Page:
Business meetings, class lectures and conference calls using Zoom have recently begun to fall victim to a new form of disruption called “Zoom-bombing” at an increased rate.
This technique involves an individual, or group of individuals, crashing a Zoom meeting and bombarding the participants with offensive and disruptive language, or even pornographic or disturbing content.
“It’s a weird mix of frustrating and funny,” said Gabriel Lopez, a recent victim of a bombing during a lecture. “On one hand you are trying to learn and it’s annoying, and on the other it kind of makes me laugh. I mean, what kind of person has that much free time on their hands.”
Lopez claims he was in a class where multiple people bombed the Zoom lecture with offensive language and targeted racial slurs.
With the implementation of the COVID-19-related transition to an online teaching model for most universities, Zoom meetings have increased. In the last three months, Zoom has added over 2.2 million new users, more than all of 2019. Classes normally taught in person have transitioned to an online synchronous lecture model.
Students can join these lectures using a link sent to their email or through a nine-digit meeting ID that allows them to access the specific meeting. Many of these meetings don’t require passwords, anyone with the corresponding meeting ID or access to the link can join.
According to Sarkis Daglian, Director of Client Services for the Office of Information technology, only one officially reported occurrence has happened at UCI. Daglian said that it happened during a townhall and there have been no instances during classes. However, students have said on social media zoom-bombing has taken place during classes.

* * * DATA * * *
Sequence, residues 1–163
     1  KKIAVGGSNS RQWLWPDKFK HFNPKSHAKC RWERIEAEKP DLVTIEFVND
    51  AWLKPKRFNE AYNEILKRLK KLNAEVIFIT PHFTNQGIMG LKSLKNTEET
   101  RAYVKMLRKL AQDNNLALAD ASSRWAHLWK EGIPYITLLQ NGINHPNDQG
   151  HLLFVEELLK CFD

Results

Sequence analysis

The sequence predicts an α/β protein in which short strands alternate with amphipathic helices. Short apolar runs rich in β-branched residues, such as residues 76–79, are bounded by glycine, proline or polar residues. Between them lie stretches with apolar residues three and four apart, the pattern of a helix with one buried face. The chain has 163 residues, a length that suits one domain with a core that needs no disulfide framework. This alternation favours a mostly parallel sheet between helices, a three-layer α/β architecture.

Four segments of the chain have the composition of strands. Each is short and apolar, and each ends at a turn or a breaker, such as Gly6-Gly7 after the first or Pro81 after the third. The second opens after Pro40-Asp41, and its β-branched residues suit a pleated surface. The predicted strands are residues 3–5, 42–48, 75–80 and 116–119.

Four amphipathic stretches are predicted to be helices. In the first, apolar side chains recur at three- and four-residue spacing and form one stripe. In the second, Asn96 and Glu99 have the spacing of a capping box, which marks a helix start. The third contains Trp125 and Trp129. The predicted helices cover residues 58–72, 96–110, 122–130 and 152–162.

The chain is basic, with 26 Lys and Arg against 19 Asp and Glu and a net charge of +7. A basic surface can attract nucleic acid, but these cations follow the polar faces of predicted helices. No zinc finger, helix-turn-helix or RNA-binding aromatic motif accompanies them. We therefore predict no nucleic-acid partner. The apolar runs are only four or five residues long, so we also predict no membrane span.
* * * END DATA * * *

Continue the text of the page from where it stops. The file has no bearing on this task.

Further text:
Daglian sent a campuswide email on April 1 with recommendations about how to keep Zoom meetings secure.
Daglian said that meeting IDs should not be shared publicly to prevent non-attendees from getting access and encouraged the UCI community to use passwords — which should be shared privately — and the waiting room feature for hosts to control who can join meetings. Daglian also said that “it is extremely important to learn how to manage participants in a meeting,” and also advised that users set up privacy controls.
“We are looking that the Student Code of Ethics can be upheld online,” Daglian said. “Just because you are in Zoom, if you harass, we are treating it the same way as in person.”
Ian Michael Anzlowar is a Staff Writer. He can be reached at firstname.lastname@example.org